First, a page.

Cracking Graham

Sept. 16, 2011

Editor’s Note: The following first appeared in the University of Iowa’s Hawk Talk Daily, an e-newsletter that offers a daily look at the Iowa Hawkeyes, delivered free each morning to thousands of fans of the Hawkeyes worldwide.

IOWA CITY, Iowa — Heisman Trophy-winner Tony Dorsett was the last Pittsburgh running back to top the nation in rushing yards, and that was 35 years ago. The University of Iowa defense is aiming to do its part to keep it that way tomorrow.

Ray Graham leads the Panthers into Kinnick Stadium after back-to-back rushing totals of 201 yards (against Buffalo) and 121 yards (against Maine). The junior’s 161-yard per-game average is best among any Football Bowl Subdivision player.

“This is a challenge, and it’s a challenge that we look forward to,” UI senior defensive end Lebron Daniel said.

After two games, the Hawkeyes have allowed an average of 384.5 yards per game, with 167 coming on the ground. Pittsburgh averages 395.5 yards per game — 218 through the air and 177.5 on the ground. The Panthers operate a similar offense as Iowa’s first two opponents, Tennessee Tech and Iowa State.

“We’re excited to take on this challenge,” UI junior cornerback Greg Castillo said.

The Hawkeyes have a pretty decent runner in their offensive backfield as well. Sophomore Marcus Coker carried the ball 35 times for 140 yards and two touchdowns last Saturday at Iowa State. Coker is driven by the fact Graham is currently sitting No. 1 — a position where he desires to dwell.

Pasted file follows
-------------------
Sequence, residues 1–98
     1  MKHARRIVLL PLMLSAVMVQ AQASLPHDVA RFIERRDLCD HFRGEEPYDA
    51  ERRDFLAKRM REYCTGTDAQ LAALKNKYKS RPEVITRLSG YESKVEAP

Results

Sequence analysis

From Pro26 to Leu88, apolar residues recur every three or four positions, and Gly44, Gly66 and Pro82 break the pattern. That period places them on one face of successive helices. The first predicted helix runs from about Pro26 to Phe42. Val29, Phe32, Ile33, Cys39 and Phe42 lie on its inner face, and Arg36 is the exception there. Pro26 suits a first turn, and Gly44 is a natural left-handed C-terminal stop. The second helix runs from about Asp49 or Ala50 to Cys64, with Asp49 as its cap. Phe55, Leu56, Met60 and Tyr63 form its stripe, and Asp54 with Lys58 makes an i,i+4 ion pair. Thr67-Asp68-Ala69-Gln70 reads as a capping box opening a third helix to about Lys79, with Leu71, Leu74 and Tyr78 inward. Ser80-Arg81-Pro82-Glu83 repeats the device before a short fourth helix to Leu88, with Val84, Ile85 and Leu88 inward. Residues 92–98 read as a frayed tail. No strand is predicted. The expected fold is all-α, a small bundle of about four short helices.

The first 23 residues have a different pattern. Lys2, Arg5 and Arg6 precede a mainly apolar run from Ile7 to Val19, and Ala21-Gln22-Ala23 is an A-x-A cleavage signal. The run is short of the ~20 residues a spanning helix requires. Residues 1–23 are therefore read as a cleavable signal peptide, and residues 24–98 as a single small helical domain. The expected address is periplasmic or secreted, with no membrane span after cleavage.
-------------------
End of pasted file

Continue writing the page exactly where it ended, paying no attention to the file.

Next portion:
“It’s a big motivation boost for us,” said Coker, who is tied for 41st in the nation at 90.5 yards per game. “He’s a great running back, and we have to step up to his level. He’s leading the country and that’s what I want to do, so I’ll have to step my game up.”

UI head coach Kirk Ferentz was a graduate assistant at Pittsburgh in 1980, working with offensive lineman like Mark May, Russ Grimm and Jimbo Covert, who opened holes for running back Randy McMillan, a first-round draft pick. Ferentz knows a good back when he sees one, and Graham fits the bill.

“He’s a strong runner; an aggressive-type guy, so you know you’re going to have to tackle him,” Ferentz said. “He’s got good vision, like most backs do. But he’s a guy you really have to tackle. He’s a good football player.”

Hawkeye linebacker Christian Kirksey, who compiled 13 tackles, two for a loss and a forced fumble a week ago, is also looking forward to the test of facing the nation’s No. 1 rusher.

“It will bring more intensity to the defense,” Kirksey said. “We’ll have to remain focused, play sound and keep a proper mindset.”

While there are similarities between Pittsburgh and Iowa’s first two opponents, Ferentz says there will be an even closer resemblance to past Michigan Wolverine teams. There are three former Michigan assistants on Pittsburgh’s staff, including Calvin Magee (assistant head coach, co-offensive coordinator, running backs) and Tony Dews (tight ends).

“You’re going to see the quarterback option attack, throwing the football, a lot of plays, fast paced, all that type of thing,” Ferentz said. “We’ll see (the quarterback) run the ball, we’ll see him throw it, and they’ve got an excellent running back, too. I’m sure everybody is aware of that. They have a good offensive line, they’ve got good skill guys out wide.”

For the Panthers, tomorrow’s visit will be their first to Iowa in 60 years (a 34-17 Iowa victory). Pittsburgh won the last meeting between the schools, 21-20, in 2008 at Heinz Field.